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Seizure. 2011 Dec;20(10):784-8. doi: 10.1016/j.seizure.2011.07.011. Epub 2011 Aug 19.

A population-based study of the prevalence and sociodemographic risk factors of self-reported epilepsy among adults in the United Kingdom.

Author information

1
Department of Epidemiology and Biostatistics, The University of Western Ontario, Kresge Building, Room K201, London, Ontario, N6A 5C1, Canada. mark.ferro@schulich.uwo.ca

Abstract

BACKGROUND:

Few studies have investigated the prevalence of self-reported epilepsy among adults in the United Kingdom and none has focused on identifying risk factors associated with epilepsy.

METHODS:

Data were obtained from the 2009 British Household Panel Survey, a population-based cohort study of adults ≥ 16 years of age residing in the United Kingdom (n=14,419). Cases were ascertained by identifying individuals who responded "yes" to having epilepsy. Prevalence rates were age- and sex-adjusted using mid-2009 population data and 95% confidence intervals (CI) were calculated. Logistic regression identified risk factors for self-reported epilepsy.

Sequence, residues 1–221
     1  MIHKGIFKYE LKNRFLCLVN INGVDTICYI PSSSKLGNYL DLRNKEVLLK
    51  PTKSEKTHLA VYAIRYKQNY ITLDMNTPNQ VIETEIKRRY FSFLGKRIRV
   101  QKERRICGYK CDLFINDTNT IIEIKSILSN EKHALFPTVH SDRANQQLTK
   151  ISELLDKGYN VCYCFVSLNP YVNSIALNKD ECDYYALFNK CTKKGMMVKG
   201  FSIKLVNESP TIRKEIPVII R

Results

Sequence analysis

RESULTS:

A total of 112 individuals reported having epilepsy, resulting in a point prevalence of 8.6 per 1000 (95% CI: 6.6, 10.5). There were no differences in prevalence rates across strata of age, sex, marital status, employment status, employment satisfaction, academic or vocational qualifications, and socioeconomic status. Among males, the prevalence rate for the >75 age group was significantly lower compared to the 30-44 (p=0.0243) and 45-59 age groups (p=0.0099). Individuals who were younger OR=0.91 (0.85, 0.98), not married OR=0.80 (0.67, 0.95), had less education OR=0.84 (0.74, 0.95), were less satisfied with their employment OR=0.66 (0.57, 0.77), and had lower income OR=0.87 (0.78, 0.98) were more likely to have epilepsy.

CONCLUSIONS:

The prevalence rates reported are similar to those described previously. The rationale for observing these specific risk factors for self-reported epilepsy are discussed in terms of public attitudes and stigma associated with epilepsy.

PMID:
21855369
DOI:
10.1016/j.seizure.2011.07.011
[Indexed for MEDLINE]
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